Factors influencing the distribution of rock glaciers in Idaho

Bradley Johnson
UNC Charlotte, Geography and Earth Sciences
Author Profile

Shortcut URL: https://serc.carleton.edu/44001


Continent: North American
Country: United States
City/Town: Leadore
UTM coordinates and datum: none


Climate Setting: Semi-Arid
Tectonic setting:
Type: Process

Figure 5. The Mills Lake rock glaciers with an inset showing the large size of clasts on the toe of the feature. Details


Rock glaciers are beautiful flowing lobes of rocky debris that look like glaciers (Figure 1). These amazing landforms form in many locations within alpine valleys including along valley floors, at the base of talus slopes, and in cirque floors of most major mountain ranges around the world. However, rock glaciers occur in alpine areas which are difficult to access and therefore, are rarely studied. The lack of research on rock glaciers has lead to many unanswered questions about how they form, why they form, and what environmental conditions cause them to form. Understanding how rock glaciers form and transport material is important in understanding how alpine landscapes evolve.

The few rock glaciers that have been cored have shown that rock glaciers generally have ice cores at their centers. Thus, it is known that rock glaciers must exist in areas which are cold enough to preserve an ice core within the debris for the entire year. How the ice cores form and the mechanism by which it flows is poorly understood. Before beginning research, we only knew that rock glaciers needed a relatively cold climate and a steady supply of rock fragments to form.

In the Lemhi Range of central Idaho, aerial photographs show that rock glaciers occur in many locations (Figure 2). Some rock glaciers occurred at low elevations where temperature would have been warm, while other colder areas contained no rock glaciers at all. Meanwhile, loose rock fragments are found throughout the range, so debris supply could be ignored as a factor. Thus, the Lemhi Range was an ideal location to examine rock glaciers. Specifically, understanding the distribution of rock glaciers in central Idaho may lead to understanding more about their formation and the processes that create them.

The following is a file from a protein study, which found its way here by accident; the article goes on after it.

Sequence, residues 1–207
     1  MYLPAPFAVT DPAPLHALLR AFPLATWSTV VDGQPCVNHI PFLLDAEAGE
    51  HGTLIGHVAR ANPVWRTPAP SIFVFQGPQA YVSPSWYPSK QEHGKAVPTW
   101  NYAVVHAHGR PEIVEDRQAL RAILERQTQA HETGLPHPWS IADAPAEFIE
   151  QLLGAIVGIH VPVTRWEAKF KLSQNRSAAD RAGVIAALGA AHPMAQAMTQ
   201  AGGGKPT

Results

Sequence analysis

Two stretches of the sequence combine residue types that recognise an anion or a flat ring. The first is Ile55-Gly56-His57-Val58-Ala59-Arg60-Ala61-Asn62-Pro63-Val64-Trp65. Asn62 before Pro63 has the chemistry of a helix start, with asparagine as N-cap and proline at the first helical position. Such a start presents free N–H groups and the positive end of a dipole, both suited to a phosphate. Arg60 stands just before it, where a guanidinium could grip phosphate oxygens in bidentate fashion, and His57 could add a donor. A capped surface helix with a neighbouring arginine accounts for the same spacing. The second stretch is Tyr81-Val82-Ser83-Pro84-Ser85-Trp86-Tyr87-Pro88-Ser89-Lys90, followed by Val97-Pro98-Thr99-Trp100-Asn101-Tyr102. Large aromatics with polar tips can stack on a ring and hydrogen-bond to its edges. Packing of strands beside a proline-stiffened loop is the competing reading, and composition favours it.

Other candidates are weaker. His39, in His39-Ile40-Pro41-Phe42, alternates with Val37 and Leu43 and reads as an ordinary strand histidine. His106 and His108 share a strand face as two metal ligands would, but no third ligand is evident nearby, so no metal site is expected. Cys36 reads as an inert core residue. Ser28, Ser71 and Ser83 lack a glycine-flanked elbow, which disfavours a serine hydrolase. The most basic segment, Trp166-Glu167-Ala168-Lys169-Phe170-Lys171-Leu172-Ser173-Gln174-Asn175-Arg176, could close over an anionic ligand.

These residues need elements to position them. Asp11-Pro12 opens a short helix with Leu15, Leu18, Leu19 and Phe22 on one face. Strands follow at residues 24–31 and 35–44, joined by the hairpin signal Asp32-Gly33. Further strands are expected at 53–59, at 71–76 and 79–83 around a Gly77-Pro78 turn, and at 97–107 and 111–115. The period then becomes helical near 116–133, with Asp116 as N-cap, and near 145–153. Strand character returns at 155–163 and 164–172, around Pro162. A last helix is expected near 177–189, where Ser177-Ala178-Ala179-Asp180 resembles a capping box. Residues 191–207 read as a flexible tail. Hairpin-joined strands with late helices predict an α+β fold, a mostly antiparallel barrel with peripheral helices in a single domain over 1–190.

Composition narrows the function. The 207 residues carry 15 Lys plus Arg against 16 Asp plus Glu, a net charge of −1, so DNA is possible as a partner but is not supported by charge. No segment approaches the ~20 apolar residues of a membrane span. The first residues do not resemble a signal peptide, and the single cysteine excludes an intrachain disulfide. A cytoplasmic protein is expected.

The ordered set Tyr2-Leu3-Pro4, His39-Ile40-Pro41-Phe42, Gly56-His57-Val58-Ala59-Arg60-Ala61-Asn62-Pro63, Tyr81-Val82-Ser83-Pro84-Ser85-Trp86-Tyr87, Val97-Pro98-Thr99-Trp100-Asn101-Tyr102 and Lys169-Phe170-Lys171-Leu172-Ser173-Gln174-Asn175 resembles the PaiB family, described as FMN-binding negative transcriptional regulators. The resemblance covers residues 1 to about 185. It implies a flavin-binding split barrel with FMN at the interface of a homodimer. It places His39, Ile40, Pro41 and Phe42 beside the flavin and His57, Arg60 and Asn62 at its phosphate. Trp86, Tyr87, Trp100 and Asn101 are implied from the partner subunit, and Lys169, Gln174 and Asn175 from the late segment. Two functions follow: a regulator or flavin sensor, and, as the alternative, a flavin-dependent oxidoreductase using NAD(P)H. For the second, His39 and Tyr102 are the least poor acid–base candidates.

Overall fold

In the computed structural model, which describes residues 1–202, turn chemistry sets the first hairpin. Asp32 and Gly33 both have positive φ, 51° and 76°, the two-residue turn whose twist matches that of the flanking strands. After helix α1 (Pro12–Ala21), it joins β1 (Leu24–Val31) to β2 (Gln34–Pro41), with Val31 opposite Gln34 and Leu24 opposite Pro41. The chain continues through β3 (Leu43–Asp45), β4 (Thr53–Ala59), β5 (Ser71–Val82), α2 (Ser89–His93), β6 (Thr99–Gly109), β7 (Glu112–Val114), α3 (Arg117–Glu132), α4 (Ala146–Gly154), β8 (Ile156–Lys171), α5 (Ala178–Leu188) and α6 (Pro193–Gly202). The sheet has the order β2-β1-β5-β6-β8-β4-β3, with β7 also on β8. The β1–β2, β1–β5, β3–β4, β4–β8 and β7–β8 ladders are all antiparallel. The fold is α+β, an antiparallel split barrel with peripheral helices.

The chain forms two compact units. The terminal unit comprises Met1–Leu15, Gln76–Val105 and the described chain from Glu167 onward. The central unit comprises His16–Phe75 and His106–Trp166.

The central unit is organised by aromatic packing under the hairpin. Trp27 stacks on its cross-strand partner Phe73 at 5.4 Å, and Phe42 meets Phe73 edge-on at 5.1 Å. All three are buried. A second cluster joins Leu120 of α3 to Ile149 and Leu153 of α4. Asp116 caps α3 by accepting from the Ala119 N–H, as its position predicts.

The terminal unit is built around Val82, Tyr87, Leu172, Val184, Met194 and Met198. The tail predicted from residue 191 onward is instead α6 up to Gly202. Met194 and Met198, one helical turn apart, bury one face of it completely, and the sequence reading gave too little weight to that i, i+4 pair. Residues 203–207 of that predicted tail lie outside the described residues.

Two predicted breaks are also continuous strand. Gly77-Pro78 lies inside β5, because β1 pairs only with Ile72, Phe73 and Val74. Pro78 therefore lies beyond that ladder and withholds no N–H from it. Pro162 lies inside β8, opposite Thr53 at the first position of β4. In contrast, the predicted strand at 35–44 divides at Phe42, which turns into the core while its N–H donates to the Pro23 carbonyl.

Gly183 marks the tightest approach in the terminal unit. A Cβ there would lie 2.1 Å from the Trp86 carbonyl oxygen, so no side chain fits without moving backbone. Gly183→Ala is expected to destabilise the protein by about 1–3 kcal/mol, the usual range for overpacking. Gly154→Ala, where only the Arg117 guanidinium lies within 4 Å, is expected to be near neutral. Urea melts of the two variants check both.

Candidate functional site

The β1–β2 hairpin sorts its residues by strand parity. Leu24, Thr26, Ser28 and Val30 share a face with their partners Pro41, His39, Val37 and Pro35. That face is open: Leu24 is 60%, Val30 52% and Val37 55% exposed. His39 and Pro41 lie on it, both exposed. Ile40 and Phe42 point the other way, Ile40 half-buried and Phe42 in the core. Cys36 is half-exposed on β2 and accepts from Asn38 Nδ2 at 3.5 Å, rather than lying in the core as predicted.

The locations of rock glaciers were determined using airplane- and satellite-based imagery of the entire Lemhi Range. Each alpine valley was examined for rock glaciers and a database was created that included the location of the valley, whether or not a rock glacier was present, and information about the geography of the valley. This information included the elevation, aspect (direction the valley faced), rock type, and slope for each of the valleys. Additionally, a map was created using Solar Analyst to determine the amount of sunlight that each valley would receive in a year based on topography (Figure 3). Rock glaciers were also examined in the field for signs of activity and for a general assessment of their morphology. This included measuring the angle of the rock glacier toe (which lessens in inactive glaciers) and searching for sink holes on the rock glacier's surface (which form as ice melts from within the rock glacier). The data was combined with information from the aerial photographs to determine whether each rock glacier was active, static, or dead.